In contrast to the original assumption the Flory-Huggins interaction parameter c does not only depend on temperature and pressure but also on composition and - even in the region of high polymer concentrations - on the chain length of the polymer. Numerous attempts have been made to incorporate these features into the theory but despite partial advantages without veritable success. For this reason a paradigmatic change is proposed.
The theoretical analysis is performed by subdividing the dilution process (the physico- chemical basis of c) into two clearly separable states. It yields the following expression for c0, the c value in range of pair interaction: c0 = a - z l The parameter a measures the effect of contact formation between solvent molecules and polymer segments at fixed chain conformation, whereas the parameter z quantifies the contributions of the conformational changes taking place in response to dilution; z becomes zero for theta conditions. The influences of M are exclusively contained in the parameter l. The generalization of this approach to arbitrary polymer concentrations yields the relation c = a (1-nj)-2 -z(l+2(1-l)j). Only the additional parameter n is required to incorporate the composition dependence. Its employment to experimental data is very much facilitated by substituting for c0 (limiting value for j0); furthermore the expression can in good approximation be simplified to c (c0 + zl)(1- nj)-2 - zl(1+2j). This relation is capable of describing all types of composition dependencies reported in the literature, including the hitherto incomprehensible occurrence of pronounced minima in c (j ).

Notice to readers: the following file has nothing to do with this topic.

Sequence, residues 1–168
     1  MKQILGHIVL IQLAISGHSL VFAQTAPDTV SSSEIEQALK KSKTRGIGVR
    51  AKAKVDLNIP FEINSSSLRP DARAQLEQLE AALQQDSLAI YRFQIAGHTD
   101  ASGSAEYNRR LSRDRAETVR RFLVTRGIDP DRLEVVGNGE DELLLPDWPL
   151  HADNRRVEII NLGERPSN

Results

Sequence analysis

Other areas of theoretical know-how concern: (i) the applicability of the different corresponding state theories for the thermodynamic description of binary systems (ii) the modeling of multinary mixtures including the rationalization of special effects (like the expelling of the precipitant from mixed solvents, (iii) the role of ternary interaction parameters and, (iv) the use of acoustic measurements to obtain information on the interaction between polymers.
For more information, please see the following publications: 236, 237, 219, 218, 214, 212, 199, 162